Theatre review: The Baroness, Edinburgh

Picture: Ian Georgeson

Picture: Ian Georgeson

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ROLLING into the Traverse this weekend after a long Scottish tour, Dogstar Theatre’s latest show offers a strange combination of fascinating themes, a high-voltage leading performance, and an oddly static and repetitive drama, which – in Matthew Zajac’s production – takes a leisurely two hours to visit and revisit an emotional landscape that is fairly thoroughly mapped out in the first 20 minutes.

The Baroness - Traverse, Edinburgh

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Acclaimed as Denmark’s “play of the year” in 2011, Thor Bjorn Krebs’s two-act drama – translated by Kim Dambaek – explores the later life of the famous female explorer and adventurer Karen Blixen, born in Denmark in 1885, and immortalised in her own book Out Of Africa. In her early sixties, back home in Denmark, Blixen encounters the young poet Thorkild Bjornvig, and strikes up a strange “pact” with him, in which she urges him to pursue his art by doing “the most dangerous and the most unheard of”, blowing his life apart in the process.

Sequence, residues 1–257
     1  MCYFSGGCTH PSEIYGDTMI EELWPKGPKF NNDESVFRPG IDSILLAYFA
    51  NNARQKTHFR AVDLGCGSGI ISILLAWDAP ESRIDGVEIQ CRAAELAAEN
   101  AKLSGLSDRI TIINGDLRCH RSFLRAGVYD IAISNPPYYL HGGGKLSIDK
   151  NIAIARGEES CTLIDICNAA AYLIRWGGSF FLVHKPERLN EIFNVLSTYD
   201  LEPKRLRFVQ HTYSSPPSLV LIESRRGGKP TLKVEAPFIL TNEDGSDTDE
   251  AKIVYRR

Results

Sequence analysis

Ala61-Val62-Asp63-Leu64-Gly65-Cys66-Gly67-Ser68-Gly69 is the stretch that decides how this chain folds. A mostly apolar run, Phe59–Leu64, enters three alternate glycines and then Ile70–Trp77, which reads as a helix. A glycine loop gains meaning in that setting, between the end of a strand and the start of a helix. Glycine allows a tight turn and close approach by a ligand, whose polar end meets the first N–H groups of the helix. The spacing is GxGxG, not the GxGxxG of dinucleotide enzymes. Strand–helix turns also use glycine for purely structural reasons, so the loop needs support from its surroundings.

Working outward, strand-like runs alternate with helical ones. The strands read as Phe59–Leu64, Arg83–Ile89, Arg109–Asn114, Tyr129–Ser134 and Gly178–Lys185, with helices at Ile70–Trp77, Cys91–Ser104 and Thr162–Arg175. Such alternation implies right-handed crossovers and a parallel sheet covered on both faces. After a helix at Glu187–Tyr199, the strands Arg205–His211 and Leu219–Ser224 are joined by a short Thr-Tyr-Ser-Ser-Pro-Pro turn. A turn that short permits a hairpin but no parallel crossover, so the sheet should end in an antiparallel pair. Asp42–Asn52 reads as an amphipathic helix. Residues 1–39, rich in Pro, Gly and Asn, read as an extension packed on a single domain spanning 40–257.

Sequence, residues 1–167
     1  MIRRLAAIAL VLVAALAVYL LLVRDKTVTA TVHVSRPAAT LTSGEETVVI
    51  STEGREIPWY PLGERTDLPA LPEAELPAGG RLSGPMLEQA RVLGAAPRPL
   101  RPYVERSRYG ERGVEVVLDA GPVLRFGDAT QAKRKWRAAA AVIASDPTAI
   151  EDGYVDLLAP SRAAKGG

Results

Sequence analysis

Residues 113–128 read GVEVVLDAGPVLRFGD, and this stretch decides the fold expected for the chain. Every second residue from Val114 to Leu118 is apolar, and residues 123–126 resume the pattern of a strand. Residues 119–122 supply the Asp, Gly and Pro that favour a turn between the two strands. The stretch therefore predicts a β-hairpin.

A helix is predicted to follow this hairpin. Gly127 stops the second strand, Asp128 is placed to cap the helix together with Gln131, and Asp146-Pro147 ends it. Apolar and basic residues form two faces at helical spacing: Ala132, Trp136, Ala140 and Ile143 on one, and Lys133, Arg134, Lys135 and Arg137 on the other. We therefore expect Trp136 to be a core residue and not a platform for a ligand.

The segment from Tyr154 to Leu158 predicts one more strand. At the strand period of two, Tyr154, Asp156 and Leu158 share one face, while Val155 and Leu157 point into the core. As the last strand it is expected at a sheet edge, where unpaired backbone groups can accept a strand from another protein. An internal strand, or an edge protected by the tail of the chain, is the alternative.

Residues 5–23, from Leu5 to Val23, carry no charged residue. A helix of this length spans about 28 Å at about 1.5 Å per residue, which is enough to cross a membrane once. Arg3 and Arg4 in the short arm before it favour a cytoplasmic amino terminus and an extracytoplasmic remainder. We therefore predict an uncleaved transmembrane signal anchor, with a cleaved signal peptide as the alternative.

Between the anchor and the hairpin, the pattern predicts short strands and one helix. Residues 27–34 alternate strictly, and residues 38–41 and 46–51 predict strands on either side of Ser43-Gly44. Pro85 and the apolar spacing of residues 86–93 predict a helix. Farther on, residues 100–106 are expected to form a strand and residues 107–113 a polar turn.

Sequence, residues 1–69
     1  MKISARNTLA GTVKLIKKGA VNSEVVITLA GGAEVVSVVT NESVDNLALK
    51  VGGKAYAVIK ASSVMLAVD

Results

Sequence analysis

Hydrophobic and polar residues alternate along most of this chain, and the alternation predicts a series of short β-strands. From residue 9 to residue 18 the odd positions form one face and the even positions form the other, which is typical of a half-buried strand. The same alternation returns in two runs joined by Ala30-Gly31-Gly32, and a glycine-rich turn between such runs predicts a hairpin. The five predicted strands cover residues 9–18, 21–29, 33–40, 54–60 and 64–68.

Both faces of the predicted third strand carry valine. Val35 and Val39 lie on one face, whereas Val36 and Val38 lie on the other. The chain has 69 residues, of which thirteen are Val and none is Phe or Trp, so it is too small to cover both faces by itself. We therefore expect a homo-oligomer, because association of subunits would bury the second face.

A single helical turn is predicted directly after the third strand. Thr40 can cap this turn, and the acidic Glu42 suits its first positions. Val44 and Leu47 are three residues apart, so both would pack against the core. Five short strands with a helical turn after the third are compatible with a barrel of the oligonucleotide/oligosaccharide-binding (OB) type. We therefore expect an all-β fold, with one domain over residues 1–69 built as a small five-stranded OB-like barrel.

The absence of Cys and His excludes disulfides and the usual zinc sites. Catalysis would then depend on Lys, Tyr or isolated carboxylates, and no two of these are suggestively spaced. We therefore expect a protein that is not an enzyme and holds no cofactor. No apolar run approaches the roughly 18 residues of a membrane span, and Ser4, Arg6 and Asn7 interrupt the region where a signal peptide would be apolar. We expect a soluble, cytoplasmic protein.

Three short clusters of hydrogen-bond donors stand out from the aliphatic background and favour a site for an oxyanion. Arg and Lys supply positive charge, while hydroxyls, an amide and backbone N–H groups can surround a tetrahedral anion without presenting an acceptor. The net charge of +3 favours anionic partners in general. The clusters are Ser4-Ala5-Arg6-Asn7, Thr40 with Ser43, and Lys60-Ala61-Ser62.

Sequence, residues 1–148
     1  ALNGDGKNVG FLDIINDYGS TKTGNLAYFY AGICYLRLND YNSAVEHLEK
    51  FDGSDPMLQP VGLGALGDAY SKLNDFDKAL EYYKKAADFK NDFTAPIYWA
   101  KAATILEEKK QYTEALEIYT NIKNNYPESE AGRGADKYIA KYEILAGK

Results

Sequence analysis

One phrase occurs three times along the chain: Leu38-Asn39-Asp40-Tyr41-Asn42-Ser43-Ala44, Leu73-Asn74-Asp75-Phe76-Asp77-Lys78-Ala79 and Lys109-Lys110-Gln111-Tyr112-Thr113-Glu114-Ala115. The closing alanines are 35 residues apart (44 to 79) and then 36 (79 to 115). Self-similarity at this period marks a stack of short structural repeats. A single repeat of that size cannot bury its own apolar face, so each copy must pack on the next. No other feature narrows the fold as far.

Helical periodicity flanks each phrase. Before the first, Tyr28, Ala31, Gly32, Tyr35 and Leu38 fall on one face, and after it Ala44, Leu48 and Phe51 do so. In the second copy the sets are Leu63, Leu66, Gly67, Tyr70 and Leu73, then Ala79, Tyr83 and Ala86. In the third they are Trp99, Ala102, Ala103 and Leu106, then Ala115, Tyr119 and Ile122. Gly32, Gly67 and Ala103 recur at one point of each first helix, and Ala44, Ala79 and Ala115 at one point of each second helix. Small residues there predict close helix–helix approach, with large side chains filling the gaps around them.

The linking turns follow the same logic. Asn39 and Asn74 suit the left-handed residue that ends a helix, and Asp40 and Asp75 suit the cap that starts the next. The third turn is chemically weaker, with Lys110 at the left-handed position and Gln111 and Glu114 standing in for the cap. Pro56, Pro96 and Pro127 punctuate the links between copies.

There are at least three fascinating themes here, one involving the clash between creativity and domesticity, another examining the charged relationship between a young artist and a much older mentor, and a third exploring the way in which Blixen’s continuing power, charisma and influence, as an older woman, seems – even to her – linked with witchcraft, or a pact with the devil. Roberta Taylor gives a powerful, vivid performance as Blixen, with Ewan Donald if fine form as the poet, and Aidan O’Rourke providing some terrific, jarring recorded violin music.

In the end, though, the story’s direction loops repeatedly around the same questions about Thorkild’s genius or ordinariness, Blixen’s creative inspiration or malign possessiveness. And though uncertainty in art can be a fine thing, there is a difference between a powerful dichotomy, held in productive tension, and the mood of confusion, and of constantly shifting direction, that finally settles on this play.

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